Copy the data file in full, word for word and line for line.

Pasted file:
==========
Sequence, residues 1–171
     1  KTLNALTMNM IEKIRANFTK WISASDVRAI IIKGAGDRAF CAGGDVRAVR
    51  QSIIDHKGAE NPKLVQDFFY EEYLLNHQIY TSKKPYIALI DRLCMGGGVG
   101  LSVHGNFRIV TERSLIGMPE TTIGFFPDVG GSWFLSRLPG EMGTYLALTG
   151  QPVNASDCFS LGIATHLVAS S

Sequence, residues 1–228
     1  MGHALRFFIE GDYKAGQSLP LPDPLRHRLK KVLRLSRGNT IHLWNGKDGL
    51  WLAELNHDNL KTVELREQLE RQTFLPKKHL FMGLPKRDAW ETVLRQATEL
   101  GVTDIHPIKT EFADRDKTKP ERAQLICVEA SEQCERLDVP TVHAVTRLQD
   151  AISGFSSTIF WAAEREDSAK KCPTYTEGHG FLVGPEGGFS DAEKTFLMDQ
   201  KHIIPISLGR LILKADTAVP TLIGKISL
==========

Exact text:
Sequence, residues 1–171
     1  KTLNALTMNM IEKIRANFTK WISASDVRAI IIKGAGDRAF CAGGDVRAVR
    51  QSIIDHKGAE NPKLVQDFFY EEYLLNHQIY TSKKPYIALI DRLCMGGGVG
   101  LSVHGNFRIV TERSLIGMPE TTIGFFPDVG GSWFLSRLPG EMGTYLALTG
   151  QPVNASDCFS LGIATHLVAS S

Sequence, residues 1–228
     1  MGHALRFFIE GDYKAGQSLP LPDPLRHRLK KVLRLSRGNT IHLWNGKDGL
    51  WLAELNHDNL KTVELREQLE RQTFLPKKHL FMGLPKRDAW ETVLRQATEL
   101  GVTDIHPIKT EFADRDKTKP ERAQLICVEA SEQCERLDVP TVHAVTRLQD
   151  AISGFSSTIF WAAEREDSAK KCPTYTEGHG FLVGPEGGFS DAEKTFLMDQ
   201  KHIIPISLGR LILKADTAVP TLIGKISL